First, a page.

Boston University School of Medicine (BUSM) will present the 11th annual Sue Kim Hanson Lecture in Immunology at noon, Friday, Nov.16, in the School of Medicine’s Keefer Auditorium. The annual lecture honors Sue Kim Hanson, MA, and PhD ’02, a former researcher in BUSM’s Pulmonary Center. Hanson, her husband and their daughter were passengers on one of the airplanes that struck the World Trade Center on Sept. 11, 2001.
This year’s lecturer is Ruslan Medzhitov, MD, investigator at the Howard Hughes Medical Institute and David W. Wallace Professor of Immunobiology at Yale University School of Medicine.
The lecture, “Host Defense Strategies” will focus on Microbial infections, which pose a significant threat to our health and survival. Many encounters with pathogens go unnoticed because they are quickly eliminated by efficient immune defenses. But, some of these infections make us more vulnerable to unrelated secondary infections, such as the Influenza virus, which can lead to disease and even death. This presentation will detail lethal co-infections and the different ways the host organism protects itself from microbial challenges.
Medzhitov has dedicated his career to analyzing the innate immune system, inflammatory response, innate control of the adaptive immunity and host-pathogen interactions. He is nationally recognized for his work with Toll-like receptors, a component of the innate system that provide the adaptive system with the necessary information to create custom-made B and T cells that target specific bacterial or viral invaders. He was elected to the National Academy of Sciences in 2010 and was a co-recipient of the prestigious Shaw Prize in Life Science and Medicine in 2011.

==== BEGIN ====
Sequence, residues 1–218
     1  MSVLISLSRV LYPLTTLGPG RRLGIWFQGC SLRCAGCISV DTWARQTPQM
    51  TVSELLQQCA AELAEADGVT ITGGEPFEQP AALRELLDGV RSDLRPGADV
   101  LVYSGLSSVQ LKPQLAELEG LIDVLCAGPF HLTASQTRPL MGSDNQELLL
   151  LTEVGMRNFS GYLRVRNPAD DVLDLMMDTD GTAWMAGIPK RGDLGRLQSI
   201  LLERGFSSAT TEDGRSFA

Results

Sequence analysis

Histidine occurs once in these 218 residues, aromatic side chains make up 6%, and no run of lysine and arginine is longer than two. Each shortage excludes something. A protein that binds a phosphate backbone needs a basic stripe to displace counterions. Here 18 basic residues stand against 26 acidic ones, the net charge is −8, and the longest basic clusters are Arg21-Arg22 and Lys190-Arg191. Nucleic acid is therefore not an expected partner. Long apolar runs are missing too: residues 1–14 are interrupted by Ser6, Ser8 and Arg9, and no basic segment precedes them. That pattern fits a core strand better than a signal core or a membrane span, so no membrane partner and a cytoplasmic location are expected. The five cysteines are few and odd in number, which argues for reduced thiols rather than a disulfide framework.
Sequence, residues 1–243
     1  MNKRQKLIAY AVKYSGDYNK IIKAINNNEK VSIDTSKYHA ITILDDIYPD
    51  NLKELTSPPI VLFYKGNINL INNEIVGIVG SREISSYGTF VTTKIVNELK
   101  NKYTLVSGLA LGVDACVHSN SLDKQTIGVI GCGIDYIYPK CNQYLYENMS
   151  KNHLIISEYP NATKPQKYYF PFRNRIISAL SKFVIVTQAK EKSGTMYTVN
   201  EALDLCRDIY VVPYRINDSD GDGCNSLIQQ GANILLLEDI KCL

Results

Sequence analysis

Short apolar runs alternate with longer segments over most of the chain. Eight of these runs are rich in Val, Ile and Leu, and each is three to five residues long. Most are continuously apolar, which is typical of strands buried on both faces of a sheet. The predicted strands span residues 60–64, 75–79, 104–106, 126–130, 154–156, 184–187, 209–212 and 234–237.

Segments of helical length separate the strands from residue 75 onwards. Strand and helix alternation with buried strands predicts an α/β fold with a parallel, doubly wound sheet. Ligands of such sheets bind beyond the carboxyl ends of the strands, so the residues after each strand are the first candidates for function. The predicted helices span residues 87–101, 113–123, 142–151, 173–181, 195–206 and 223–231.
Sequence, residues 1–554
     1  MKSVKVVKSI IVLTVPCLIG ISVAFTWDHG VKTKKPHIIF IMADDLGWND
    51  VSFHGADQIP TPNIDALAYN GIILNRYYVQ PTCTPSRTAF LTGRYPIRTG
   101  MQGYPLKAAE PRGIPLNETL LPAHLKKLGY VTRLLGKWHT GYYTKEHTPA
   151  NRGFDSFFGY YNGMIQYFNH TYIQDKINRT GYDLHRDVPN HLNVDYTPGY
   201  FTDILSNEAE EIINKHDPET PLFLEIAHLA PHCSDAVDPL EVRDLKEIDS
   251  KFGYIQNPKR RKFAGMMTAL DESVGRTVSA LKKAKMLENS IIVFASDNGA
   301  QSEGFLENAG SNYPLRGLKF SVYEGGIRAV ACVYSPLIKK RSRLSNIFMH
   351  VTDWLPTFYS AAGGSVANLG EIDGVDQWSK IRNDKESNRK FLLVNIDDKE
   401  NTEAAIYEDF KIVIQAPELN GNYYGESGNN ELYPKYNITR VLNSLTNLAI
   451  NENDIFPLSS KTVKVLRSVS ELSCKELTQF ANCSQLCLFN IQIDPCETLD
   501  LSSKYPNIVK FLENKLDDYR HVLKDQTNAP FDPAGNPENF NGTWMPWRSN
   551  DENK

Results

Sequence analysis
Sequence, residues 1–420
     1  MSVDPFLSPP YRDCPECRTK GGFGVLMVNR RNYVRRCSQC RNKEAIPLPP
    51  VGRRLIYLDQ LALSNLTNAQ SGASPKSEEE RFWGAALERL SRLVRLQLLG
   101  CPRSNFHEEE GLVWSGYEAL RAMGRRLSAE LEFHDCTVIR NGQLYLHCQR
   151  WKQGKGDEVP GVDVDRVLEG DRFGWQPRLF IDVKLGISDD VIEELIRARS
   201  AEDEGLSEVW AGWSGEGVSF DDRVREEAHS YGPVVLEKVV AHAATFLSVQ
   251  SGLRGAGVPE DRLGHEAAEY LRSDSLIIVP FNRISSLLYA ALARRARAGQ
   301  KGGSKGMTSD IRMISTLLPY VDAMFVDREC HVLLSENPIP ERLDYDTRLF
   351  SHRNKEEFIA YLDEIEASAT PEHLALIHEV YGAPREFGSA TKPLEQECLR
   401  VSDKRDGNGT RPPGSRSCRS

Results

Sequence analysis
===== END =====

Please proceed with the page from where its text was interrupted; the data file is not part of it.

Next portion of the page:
Sue Kim Hanson moved to Boston and earned a master’s degree in medical sciences from BUSM in 1992. After graduation she joined the school’s Pulmonary Center and then entered BUSM’s doctoral program in the Immunology Training Program through the department of pathology and laboratory medicine.
Her dissertation project was an investigation of the role of interleukin-16 in immunity and targeted deletion of the interleukin-16 gene in mice. Her degree was awarded posthumously by unanimous vote by the dissertation committee.
“Sue was on her way to a promising career in molecular biology,” said David Center, MD, Gordon and Ruth Snider professor of pulmonary medicine and associate provost for translational research. “While her life was taken at an early age, her legacy lives on through this annual lecture. We are proud to remember and honor her and her family each year.”